If you’re in need of books to start off your New Year, Kanta Dihal picks some of her favourite books from 2014 that you might have missed first time around.
This is one book that will be too harshly judged by its cover. If the title will not make people frown, its blurb most certainly will: yes, the protagonist of this book is an actual bee, and no, it is not a children’s book. Too many people will put the book away sniggering. Don’t – the novel is an extremely imaginative and knowledgeable debut, and effectively communicates humanity’s destructive impact on bees and nature at large.
Jean-Paul Didierlaurent – The Reader of the 6:27 (Le Liseur du 6h27)
Didierlaurent’s debut novel has not appeared in English yet – it will likely be published in 2015 by Macmillan – but it is one to look out for. His protagonist is a bibliophile who works at a book recycling firm: Didierlaurent makes it appear that a bleaker situation is hardly imaginable, which makes the romantic quest that appears halfway through the book quite acceptable.
The impossible has happened: someone wrote a young adult trilogy about vampires that is actually readable and doesn’t contain any porn. The books are especially amusing for Oxford students as the main vampire is a fellow of All Souls. In The Book of Life, the final instalment in this trilogy, someone lets loose a dragon in the Bodleian.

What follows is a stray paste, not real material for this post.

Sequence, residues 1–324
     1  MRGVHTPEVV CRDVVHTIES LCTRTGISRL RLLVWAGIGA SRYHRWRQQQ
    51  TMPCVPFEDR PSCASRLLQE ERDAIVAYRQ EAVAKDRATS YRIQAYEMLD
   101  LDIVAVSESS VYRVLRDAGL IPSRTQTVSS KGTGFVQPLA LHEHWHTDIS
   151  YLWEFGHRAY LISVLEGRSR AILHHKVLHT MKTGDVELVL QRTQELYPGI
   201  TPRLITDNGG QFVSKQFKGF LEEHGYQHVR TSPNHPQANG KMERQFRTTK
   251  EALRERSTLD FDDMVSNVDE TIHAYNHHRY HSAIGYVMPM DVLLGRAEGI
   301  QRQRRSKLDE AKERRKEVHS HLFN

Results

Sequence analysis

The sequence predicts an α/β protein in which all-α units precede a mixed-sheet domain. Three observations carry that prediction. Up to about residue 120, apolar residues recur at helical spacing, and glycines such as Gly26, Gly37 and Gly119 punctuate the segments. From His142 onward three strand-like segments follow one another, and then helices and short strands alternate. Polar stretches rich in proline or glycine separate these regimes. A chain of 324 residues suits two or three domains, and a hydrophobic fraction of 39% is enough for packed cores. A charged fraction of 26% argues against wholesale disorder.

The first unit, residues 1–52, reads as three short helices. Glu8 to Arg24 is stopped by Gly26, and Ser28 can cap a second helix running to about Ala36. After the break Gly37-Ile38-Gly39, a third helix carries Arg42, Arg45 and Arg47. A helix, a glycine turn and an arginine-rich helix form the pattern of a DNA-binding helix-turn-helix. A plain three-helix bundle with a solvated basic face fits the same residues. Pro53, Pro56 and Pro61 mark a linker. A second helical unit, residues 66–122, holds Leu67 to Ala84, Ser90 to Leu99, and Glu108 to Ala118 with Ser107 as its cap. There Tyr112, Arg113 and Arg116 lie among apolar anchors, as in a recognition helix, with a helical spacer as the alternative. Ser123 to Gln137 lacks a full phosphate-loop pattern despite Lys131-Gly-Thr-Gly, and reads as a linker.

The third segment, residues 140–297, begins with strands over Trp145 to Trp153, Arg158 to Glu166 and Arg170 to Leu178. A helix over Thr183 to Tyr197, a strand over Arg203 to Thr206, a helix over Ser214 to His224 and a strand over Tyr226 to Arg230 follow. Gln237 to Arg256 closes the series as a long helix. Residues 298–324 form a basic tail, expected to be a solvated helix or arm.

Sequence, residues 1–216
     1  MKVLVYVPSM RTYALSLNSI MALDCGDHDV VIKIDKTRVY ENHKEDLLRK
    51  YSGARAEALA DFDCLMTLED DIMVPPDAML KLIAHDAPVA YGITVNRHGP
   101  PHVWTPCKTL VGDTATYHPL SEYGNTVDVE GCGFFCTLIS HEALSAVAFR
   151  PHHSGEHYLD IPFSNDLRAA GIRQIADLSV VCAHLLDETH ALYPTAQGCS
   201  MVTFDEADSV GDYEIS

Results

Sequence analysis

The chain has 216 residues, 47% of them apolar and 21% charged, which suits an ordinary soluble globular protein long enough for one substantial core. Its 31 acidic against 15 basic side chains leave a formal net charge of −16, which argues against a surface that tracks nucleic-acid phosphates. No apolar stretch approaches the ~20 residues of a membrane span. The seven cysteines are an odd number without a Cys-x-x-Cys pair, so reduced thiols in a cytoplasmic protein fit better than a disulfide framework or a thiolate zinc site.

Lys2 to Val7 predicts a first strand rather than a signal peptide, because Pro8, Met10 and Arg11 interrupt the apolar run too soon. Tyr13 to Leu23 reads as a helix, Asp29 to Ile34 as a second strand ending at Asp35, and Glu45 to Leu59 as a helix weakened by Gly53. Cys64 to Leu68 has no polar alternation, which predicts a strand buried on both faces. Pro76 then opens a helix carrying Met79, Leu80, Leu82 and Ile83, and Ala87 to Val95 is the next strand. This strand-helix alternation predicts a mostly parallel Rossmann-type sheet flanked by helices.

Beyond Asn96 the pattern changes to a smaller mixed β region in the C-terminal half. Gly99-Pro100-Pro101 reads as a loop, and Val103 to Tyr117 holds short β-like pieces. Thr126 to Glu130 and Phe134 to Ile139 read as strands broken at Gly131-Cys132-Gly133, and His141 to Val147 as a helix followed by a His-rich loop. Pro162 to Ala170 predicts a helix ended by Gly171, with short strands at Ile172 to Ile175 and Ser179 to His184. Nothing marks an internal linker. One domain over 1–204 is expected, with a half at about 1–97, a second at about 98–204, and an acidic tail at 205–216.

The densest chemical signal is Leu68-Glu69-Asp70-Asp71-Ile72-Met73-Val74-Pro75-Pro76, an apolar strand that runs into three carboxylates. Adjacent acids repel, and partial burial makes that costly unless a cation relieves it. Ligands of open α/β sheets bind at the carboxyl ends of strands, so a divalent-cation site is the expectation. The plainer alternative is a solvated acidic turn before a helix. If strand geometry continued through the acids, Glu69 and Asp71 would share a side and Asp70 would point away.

Science fiction mastermind Peter F. Hamilton announced this novel, the first half of a two-part prequel to his Void Trilogy, two years ago. Fans and newcomers alike will not be disappointed by the 650-page tome Hamilton published this year, in which he majestically combines SF, fantasy and political intrigue.
Perhaps the best popular science book that has appeared this year, Gefter shows the reader how much someone can learn about physics without ever having taken a single university class on the topic. Written in an at times staggeringly colloquial tone – the F-word pops up frequently – Gefter still manages to trigger that sense of awe that seems indispensable in popular physics writing.
A Dutch children’s book author was not being taken seriously when he wrote his first novel for adults, so he pulled a reverse Robert Galbraith and published an amazing epic under a pseudonym. An English translation is not currently planned yet; we can only hope that this will change soon.